Learning Goals Said To Demand Better Assessment
The federal government must invest millions of dollars in improving the assessment of student performance to measure progress toward achieving national goals in that area, educators and measurement experts said last week.
President Bush and the nation's governors signaled at their summit last week in Charlottesville, Va., that one of their key education goals for the nation is to improve student achievement.
Most observers agree that the National Assessment of Educational Progress, which for 20 years has measured student performance in a range of subject areas, is the most likely vehicle for gauging progress toward meeting that objective.
But the experts concede that costly improvements are needed if the program is to provide the kind of data necessary to measure progress. As primarily a multiple-choice test, they note, it measures only a narrow range of what students know and can do, and, at least for now, it offers limited guidance to state and local officials seeking to improve their students' performance.
"I'm confident that, given an acceptable funding level, the field knows enough about good measurement to make naep really work," said Marshall S. Smith, dean of the school of education at Stanford University.
"But all of the things [needed to improve the assessment] take development work," he said. "A large part of the theory is there, but it will take money to carry it out."
Despite such optimism, some critics remain skeptical that the assessment can be a useful measure of progress toward national goals. As long as it is used as a tool for holding schools accountable for results, those critics maintain, the test will force local administrators to concentrate on raising test scores, which may not result in improved student achievement.
But Ramsay W. Selden, director of the education-assessment center of the Council of Chief State School Officers, said a national test is essential to focus local schools officials' attention on meeting national goals.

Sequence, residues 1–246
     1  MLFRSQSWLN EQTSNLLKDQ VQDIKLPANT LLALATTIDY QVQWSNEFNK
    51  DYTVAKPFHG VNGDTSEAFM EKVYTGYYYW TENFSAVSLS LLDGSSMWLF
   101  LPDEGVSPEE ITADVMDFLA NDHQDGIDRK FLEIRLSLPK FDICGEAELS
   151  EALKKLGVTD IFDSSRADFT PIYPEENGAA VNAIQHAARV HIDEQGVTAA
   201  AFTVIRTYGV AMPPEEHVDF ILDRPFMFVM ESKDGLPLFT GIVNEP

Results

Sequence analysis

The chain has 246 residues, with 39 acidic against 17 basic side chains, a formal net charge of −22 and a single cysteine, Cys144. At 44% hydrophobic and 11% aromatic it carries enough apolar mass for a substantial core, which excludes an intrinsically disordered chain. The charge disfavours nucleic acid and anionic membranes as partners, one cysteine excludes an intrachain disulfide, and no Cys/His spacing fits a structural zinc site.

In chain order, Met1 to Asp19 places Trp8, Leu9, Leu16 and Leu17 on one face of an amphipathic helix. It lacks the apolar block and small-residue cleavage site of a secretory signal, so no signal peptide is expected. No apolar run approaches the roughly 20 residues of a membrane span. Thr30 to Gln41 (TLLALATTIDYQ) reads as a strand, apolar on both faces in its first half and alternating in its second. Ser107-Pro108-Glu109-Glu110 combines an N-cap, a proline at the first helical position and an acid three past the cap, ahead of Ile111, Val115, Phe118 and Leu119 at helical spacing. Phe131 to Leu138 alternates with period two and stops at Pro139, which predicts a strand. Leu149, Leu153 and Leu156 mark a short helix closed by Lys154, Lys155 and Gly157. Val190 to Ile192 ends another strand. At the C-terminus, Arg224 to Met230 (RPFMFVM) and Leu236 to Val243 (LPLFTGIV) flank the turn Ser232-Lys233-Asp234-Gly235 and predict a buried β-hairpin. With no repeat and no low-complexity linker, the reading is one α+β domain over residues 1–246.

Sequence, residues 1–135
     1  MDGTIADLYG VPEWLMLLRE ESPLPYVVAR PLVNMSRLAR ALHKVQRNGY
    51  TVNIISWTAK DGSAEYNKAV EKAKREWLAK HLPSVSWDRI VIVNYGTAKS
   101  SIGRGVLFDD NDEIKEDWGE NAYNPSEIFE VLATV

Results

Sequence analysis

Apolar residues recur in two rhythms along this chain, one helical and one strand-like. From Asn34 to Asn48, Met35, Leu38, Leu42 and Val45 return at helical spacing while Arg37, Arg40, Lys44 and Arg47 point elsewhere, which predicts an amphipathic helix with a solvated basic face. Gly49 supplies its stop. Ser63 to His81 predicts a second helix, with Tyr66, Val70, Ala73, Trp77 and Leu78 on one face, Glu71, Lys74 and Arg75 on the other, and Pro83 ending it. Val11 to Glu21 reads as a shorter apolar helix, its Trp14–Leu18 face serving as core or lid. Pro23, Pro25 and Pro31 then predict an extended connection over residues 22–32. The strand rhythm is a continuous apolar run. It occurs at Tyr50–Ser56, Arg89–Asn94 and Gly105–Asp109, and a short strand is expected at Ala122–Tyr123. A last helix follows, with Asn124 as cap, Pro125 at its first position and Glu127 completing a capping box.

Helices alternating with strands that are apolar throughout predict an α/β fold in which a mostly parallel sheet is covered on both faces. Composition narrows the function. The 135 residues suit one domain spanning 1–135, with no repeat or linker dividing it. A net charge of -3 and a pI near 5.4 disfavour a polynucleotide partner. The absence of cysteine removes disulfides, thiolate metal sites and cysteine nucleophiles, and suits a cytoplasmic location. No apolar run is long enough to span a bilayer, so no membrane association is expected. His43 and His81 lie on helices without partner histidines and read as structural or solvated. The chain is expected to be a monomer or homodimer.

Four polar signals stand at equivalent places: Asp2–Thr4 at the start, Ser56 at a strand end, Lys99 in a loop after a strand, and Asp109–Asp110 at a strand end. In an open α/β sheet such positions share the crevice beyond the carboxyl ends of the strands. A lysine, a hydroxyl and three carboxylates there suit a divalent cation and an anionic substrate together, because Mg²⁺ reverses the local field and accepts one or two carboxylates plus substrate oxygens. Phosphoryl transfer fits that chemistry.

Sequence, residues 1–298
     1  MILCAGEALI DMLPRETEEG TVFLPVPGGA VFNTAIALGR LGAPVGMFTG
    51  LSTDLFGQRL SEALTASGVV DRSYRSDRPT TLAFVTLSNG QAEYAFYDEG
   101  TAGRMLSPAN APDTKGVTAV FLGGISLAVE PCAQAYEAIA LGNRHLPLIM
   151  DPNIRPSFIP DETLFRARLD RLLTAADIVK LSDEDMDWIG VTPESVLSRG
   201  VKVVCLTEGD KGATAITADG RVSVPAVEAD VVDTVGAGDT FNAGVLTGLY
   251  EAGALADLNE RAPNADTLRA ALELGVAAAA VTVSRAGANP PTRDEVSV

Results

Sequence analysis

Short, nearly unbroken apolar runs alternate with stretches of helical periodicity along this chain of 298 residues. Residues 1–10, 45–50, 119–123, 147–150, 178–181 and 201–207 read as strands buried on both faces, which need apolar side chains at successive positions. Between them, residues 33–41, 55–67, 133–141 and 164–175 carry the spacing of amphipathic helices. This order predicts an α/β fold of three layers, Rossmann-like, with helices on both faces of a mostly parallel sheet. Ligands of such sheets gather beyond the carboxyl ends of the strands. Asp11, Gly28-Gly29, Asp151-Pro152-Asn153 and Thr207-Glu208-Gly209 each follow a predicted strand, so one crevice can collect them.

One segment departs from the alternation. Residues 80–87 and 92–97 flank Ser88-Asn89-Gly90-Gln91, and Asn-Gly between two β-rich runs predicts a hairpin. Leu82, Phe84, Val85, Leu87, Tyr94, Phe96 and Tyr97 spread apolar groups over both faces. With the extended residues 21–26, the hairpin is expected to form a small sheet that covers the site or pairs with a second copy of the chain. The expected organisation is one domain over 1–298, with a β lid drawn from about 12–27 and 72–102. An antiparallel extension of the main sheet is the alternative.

"If we declare those kinds of learning goals, we'd better develop an assessment to measure them or the goals will go by the wayside," Mr. Selden said. "The message to local schools is: What's important is what is tested. Goals are ineffective if they don't follow what is measured."
'The Only Game in Town'
President Bush's summit with the governors comes on the heels of growing efforts by states and the federal government to improve the way they measure student performance.
As a report issued last week by the Center for Policy Research in Education predicts, "measurement of key aspects of a state's education system, such as the performance of students and the various factors that affect that performance, will continue to be a 'growth industry' as state leadership applies its hand to the challenge of improving schools."
At the national level, suggests Steven S. Kaagan, the report's author, the federal government has in place a highly respected measurement tool.
"There are all kinds of criticisms one can make of naep, but it does tell you what kids can and cannot do," said Mr. Kaagan, a former commissioner of education in Vermont. "It's the only game in town that can begin to tell us important information of what kids can know and do."